Award-winning novelist Ian McEwan presented his new novel, “The Children Act,” at the Harry Ransom Center on Wednesday.
McEwan is well known for his short stories and novels for adults and has won various awards for his distinguished works, including “Amsterdam,” “First Love” and “The Child in Time.”
The Ransom Center, a humanities research library and museum at the University, became home to McEwan’s archive in May. The archive includes drafts of his already published novels and some unpublished material from his adolescent career.
McEwan said his newest novel was born from his interest in how one makes judgements.
“As ethical decisions are to be made on a daily basis, I began to take an interest in how judgments are made,” McEwan said. “It is not only judges who have to make verdicts.”
Virginia Reeves, a former member of the University’s Michener Center for Writers, who attended the presentation, said the McEwan archive is a great opportunity to get a closer look at information that only scholars or students writing their dissertations would be able to access.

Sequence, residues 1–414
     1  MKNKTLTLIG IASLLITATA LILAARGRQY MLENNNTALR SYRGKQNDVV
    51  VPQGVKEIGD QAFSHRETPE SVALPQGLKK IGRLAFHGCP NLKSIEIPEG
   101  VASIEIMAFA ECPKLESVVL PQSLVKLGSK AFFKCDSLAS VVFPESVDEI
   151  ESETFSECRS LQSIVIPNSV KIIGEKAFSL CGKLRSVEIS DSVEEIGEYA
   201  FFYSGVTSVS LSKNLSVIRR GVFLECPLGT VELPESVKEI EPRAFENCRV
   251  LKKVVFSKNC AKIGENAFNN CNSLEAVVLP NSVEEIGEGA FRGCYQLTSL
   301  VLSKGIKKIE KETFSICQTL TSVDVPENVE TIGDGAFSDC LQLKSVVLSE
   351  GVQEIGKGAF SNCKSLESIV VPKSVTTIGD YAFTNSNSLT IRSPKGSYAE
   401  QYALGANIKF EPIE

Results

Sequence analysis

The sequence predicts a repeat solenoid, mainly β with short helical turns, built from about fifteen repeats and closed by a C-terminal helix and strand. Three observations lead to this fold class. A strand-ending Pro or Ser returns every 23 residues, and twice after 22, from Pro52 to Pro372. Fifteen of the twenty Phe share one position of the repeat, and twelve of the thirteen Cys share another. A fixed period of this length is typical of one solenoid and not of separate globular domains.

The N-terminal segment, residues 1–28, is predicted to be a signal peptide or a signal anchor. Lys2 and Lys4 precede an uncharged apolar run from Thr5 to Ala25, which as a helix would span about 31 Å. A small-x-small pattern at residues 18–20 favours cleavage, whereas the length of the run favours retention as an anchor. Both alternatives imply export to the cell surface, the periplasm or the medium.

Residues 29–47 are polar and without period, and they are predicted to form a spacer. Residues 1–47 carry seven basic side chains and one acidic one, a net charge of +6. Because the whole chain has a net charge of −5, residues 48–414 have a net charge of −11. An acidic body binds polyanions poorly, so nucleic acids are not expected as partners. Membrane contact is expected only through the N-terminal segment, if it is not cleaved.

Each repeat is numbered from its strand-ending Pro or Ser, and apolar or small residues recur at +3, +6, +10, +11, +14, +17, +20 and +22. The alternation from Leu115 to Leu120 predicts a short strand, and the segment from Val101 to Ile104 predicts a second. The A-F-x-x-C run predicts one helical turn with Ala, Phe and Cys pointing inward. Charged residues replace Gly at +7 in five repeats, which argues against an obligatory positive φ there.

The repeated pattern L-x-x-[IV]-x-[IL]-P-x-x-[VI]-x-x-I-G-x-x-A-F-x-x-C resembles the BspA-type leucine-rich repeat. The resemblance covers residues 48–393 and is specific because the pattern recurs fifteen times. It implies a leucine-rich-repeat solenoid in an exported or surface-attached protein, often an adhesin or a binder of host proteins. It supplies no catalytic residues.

“You get to see letters and drafts that have not been published, so I think it’s a wonderful thing,” Reeves said.
McEwan said the idea of judgements remains a focal point throughout the novel, first making an appearance in the first chapter. McEwan said his book is based on the idea that making judgments and verdicts often carries grave consequences.
Following the presentation, Ransom Center members and students formed long lines to buy copies of the novel and get an autograph from McEwan.
Shannon Geison, a finance and government sophomore, said McEwan’s reading gave her a better understanding of his work that she read while she was in high school.
“In high school, I read ‘Atonement,’ which is probably regarded as his most famous book, and I absolutely loved it,” Geison said. “I really enjoyed seeing more of his work because I had only read one and was thus really excited to learn more about it and especially him reading it himself.”
Michener Center Director James Magnuson said McEwen’s presence was welcome at the Ransom Center as he is one of the most distinguished novelists of his generation.
“We are very happy to bring him back to Austin, and certainly any publication of Ian McEwan is reason enough for celebration,” Magnuson said.